Making the most of your investment.
I’m from Emerson, Nebraska, which has a population of like 800—very small. I graduated with 13 students in my class. Honestly, I didn't know I was going to college until I was here. I didn't do a lot of searching, and I never went on a college visit. Coming from Emerson to Lincoln was wild. There’s a stoplight on every block! It’s a lot to process right away.
For the longest time, I wanted to be a vet. My family, teachers and folks in my community encouraged me to follow that career path. Having that expectation was a bit heavy. Changing my major to English took a lot of confidence, but I love my classes and my professors. My teachers from Emerson think it’s funny to remind me that I hated those courses in high school. Now I can't get enough of them.
The financial aspects of college can be so complicated. When you’re a first-generation student, you don’t enter college with all the tools that other students may have. You don’t know what you don’t know. I didn’t know how to search for colleges, submit applications and find scholarships. I googled “scholarships for college,” and a bunch of scam links popped up, so I gave up. By the time I found out about any legit scholarships, either the due date had passed or was fast approaching, and the application was so complex I couldn’t complete it in time.
I heard I needed to fill out the FAFSA, and I was like “FAFSA? What does that mean? Where do I find that?” I did some research and found out that's how I get financial aid. I had a little bit of money saved up and a few small scholarships from my high school. However, I didn't know the scholarships were only for the first year and wouldn't keep carrying over.
I eventually figured out what office I needed to go to for help and what questions I needed to ask. Husker Hub was a great resource for me. Kristy Saunders, the associate director, was previously my academic success coach in the First Husker program. She was also a first-generation student, and it was difficult for her to pay for college, so she gets it. I feel comfortable going to her for advice and help because she can share her firsthand experiences and never makes me feel ashamed for asking questions. I appreciate that she leaves out the jargon and breaks everything down so I can understand it.
Worrying about finances can really distract you from your courses and your ability to function properly. Asking for help is worth it in the end because even the small scholarships make a big difference in taking some weight off your shoulders.
The initial shock of my transition to college was intense, but now I’m incredibly involved. I'm the president and peer mentor in the First-Generation student organization. I've also been an orientation leader and support specialist for New Student Enrollment summer orientation. I’ve worked with so many amazing people.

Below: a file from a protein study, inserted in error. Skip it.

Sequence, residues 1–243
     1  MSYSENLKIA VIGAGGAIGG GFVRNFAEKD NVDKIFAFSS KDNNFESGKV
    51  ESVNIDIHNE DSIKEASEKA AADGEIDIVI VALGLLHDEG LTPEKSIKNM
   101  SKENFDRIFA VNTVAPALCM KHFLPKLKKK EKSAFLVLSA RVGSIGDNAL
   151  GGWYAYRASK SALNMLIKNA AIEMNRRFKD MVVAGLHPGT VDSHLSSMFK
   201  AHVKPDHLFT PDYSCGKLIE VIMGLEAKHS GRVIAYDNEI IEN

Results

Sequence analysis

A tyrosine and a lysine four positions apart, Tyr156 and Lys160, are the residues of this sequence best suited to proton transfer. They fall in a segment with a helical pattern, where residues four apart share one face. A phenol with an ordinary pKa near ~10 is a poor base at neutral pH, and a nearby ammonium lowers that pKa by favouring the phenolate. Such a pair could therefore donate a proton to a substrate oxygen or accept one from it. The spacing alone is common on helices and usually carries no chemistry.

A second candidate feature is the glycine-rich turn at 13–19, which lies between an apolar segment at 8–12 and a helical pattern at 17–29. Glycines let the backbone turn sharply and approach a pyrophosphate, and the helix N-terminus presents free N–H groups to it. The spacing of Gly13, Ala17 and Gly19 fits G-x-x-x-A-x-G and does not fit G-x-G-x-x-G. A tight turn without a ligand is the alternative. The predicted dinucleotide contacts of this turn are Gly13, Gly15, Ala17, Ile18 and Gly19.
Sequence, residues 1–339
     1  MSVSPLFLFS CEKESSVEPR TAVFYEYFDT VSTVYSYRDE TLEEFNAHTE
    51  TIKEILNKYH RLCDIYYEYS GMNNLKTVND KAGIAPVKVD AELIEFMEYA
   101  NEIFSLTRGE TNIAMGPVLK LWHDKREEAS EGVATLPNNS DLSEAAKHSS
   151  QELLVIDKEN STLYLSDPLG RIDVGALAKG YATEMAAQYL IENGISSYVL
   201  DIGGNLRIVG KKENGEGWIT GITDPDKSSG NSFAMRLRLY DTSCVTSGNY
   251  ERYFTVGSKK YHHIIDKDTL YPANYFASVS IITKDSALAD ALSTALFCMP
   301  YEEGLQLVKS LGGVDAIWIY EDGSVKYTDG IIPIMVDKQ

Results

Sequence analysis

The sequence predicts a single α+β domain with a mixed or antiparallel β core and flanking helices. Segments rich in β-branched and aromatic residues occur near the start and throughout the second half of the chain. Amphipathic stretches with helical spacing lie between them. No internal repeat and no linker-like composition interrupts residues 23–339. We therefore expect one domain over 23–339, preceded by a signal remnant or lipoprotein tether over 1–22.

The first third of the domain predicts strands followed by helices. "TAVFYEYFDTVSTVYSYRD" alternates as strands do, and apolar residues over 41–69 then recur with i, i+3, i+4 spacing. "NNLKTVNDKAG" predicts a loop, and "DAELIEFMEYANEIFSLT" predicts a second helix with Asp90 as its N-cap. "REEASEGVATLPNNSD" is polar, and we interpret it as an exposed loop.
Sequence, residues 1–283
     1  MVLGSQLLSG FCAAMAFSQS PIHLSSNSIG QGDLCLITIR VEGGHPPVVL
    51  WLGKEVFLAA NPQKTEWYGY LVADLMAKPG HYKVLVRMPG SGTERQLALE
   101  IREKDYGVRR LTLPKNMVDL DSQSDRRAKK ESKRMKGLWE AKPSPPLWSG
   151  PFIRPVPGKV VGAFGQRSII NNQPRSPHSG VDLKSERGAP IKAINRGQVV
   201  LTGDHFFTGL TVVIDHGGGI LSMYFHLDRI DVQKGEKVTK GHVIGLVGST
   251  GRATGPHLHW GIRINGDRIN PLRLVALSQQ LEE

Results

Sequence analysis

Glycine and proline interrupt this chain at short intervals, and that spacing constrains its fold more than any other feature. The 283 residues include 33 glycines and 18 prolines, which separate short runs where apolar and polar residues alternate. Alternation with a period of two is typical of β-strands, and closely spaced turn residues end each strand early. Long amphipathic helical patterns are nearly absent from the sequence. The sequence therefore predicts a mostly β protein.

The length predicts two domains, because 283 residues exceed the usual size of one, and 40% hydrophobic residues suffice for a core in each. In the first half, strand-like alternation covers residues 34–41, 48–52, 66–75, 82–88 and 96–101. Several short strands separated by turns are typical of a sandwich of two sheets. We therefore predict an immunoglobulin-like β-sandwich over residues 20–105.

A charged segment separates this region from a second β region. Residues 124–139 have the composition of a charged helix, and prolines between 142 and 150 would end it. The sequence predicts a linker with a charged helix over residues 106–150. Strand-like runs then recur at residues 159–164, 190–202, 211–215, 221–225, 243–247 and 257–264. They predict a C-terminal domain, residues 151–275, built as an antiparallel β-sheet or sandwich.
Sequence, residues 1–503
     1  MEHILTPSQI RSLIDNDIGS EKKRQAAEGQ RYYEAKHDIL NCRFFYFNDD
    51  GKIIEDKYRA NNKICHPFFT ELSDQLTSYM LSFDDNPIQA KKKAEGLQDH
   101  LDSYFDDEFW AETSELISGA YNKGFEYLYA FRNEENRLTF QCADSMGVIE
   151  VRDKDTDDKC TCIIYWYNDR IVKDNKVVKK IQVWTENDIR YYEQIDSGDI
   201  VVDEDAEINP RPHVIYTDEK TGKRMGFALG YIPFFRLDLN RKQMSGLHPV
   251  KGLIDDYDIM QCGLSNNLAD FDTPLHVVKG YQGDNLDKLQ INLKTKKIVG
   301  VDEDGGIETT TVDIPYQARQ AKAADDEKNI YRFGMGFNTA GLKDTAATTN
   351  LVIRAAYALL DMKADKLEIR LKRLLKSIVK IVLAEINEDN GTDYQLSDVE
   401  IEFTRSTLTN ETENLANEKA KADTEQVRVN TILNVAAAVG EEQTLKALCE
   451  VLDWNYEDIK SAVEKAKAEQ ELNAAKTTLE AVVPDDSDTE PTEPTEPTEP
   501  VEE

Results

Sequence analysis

I love working 1-to-1 with students. For them, I get to be who I needed when I was younger. I know the struggle and the confidence it takes to reach out for help and ask questions that you might think are “dumb.” I’m here to tell you there’s no such thing as a dumb question.
I have the chance to help them find that spark of passion or purpose and realize they’re here for a reason and they will succeed. Every student has potential to be something great. My dad always says, “Find your passion and run with it.” I never imagined myself succeeding because of how much I didn’t know about being a college student. But here I am, sharing my story and being who I needed. I’ve grown so much just by coming here for school.
The opportunities that can come out of just introducing yourself to your professor are endless. My professors have been so great about getting to know me as a student. They ask how they can help me succeed and enjoy my time in the classroom. Right now, I’m doing a research project on a fire department in my hometown. In one of my classes, I'm using spray paint and stencils to create street art. I'm taking advantage of all these opportunities coming my way and just making the most of them.
College pushes you out of your comfort zone, but it allows you to do some things you never saw yourself doing. This is a time to be selfish; this is your story and your path to pave. This is your chance to create your future and make it what you want it to be.